Until I read Rhode Island, I had no idea it had a rich coast of marshland like my home state of Georgia, 900 miles to the south. I had seen the title Spartina on a list of National Book Award winners and was startled when I saw it was based in Rhode Island rather than the southeastern or mid-Atlantic coast, which I thought was Spartina grass’s northern limit. The Lowland also features the coastal beauty of Rhode Island’s marshes and estuaries, where fresh water meets the sea. Because of these marshes, the beaches, the ocean scenes, and the marine life that appear in these books, I loved reading Rhode Island. I’d like to visit and explore it more in real life now.
Novel: The Lowland
Author: Jhumpa Lahiri, raised in South Kingstown, RI
Setting: Providence, Rhode Island and Calcutta (India)
In The Lowland, Subhash, a quiet, stable Indian boy moves from the estuarine areas of Calcutta to those of Rhode Island to study marine chemistry. His brother Udayan – the risky, idealistic revolutionary – stays behind and gets himself killed. Udayan’s early, violent death shapes the next 50 years of the lives of the people around him: his brother, wife, parents, and unborn child.
Filled with beautiful descriptions of both Rhode Island and Calcutta, and especially of the estuarine life within them, The Lowland was a comfort in many ways.
On cloudy days, at intervals, the sound of a foghorn pierced the air, as conch shells were blown in Calcutta to ward off evil.
In other ways, The Lowland was full of sorrow. It shows how a single moment can break people for the rest of their years: they can be alive in that they breathe and move physically through space, but dead to the beauty of the life they still have.
What struck me most about this book is how magnificently Lahiri illustrates the ways death can distort life. The Lowland is a masterpiece for that.
The tree seemed more overwhelming when it lay on the ground. Its proportions frightening, once it no longer lived.
Novel: The Book That Matters Most
Author: Ann Hood, born West Warwick, RI
Setting: Providence, Rhode Island
When Ava’s husband leaves her and she’s desperate to cope, she begs Cate for an invitation to the library’s hard-to-enter book club: there are only 10 spots in it. Ava lucks out and gets to join, and the assignment for the year is for each member to pick the book that matters most to them. The book club will read and discuss it as a group.
As Ava navigates her divorce and a bad-girl daughter gone missing in Europe, memories of the summer both her sister and mother died keep coming back to her, along with memories of the book she read and re-read that entire summer to get through it. That book was the book that matters most to her. Finding copies of it for the club to read proved almost impossible, and led her on a quest that ultimately answered questions she’d been asking all her life.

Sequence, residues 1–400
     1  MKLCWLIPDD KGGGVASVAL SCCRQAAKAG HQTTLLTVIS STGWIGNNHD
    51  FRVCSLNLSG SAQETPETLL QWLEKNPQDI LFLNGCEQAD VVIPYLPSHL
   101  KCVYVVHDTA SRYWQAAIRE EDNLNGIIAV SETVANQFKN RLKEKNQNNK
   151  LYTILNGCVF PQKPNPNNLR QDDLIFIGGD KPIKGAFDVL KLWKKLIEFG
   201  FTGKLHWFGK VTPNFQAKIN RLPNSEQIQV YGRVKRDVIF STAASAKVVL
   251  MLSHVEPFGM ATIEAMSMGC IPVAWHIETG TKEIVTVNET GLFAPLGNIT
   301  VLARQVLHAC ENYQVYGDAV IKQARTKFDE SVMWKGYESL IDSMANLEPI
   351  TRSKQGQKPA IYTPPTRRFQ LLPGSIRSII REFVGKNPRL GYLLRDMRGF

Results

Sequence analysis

Though sometimes unrealistic, like how easily one character recovers from a heroin addiction, this was a quick and fun read with a love of books at its heart.
Author: John Casey
Setting: 1980s coast of Rhode Island
I have a soft spot in my heart for authors who capture the essence of the marshy world on the edge of the Atlantic ocean. Until I read Spartina, the only author who moved me and made me feel like, “Yes, they know the marsh, they get it,” is South Carolina’s Pat Conroy. Now I know John Casey gets it as well.
Unfortunately, sometimes you have to take the bad with the good. After reading this book about a crotchety, Rhode Island waterman who chases a younger woman who gives him her full attention, and therefore cheats on his exhausted, neglected wife while she does all the work at home and raises their children, it is no surprise that the author himself, a professor at UVA, has been accused by his students of sexual harassment. I read the book, its style, and how easily the husband cheats without being held accountable by the people he hurt, and think, yep, I can see that. I can see this author being an asshole.
Spartina is filled with scenes of marshes and mud, sea birds and lobster pots, and a mariner’s life on the water. It is a story of a lost, working class white man in New England who is trying to find himself, and does so in the crucible of a storm at sea. This scene — of a man saving his boat from a hurricane by boarding it and riding out the storm by meeting it head on, in all of its violence of howling wind, mountainous waves, slashing rain, and darkness — is one of those scenes from a book I will always remember.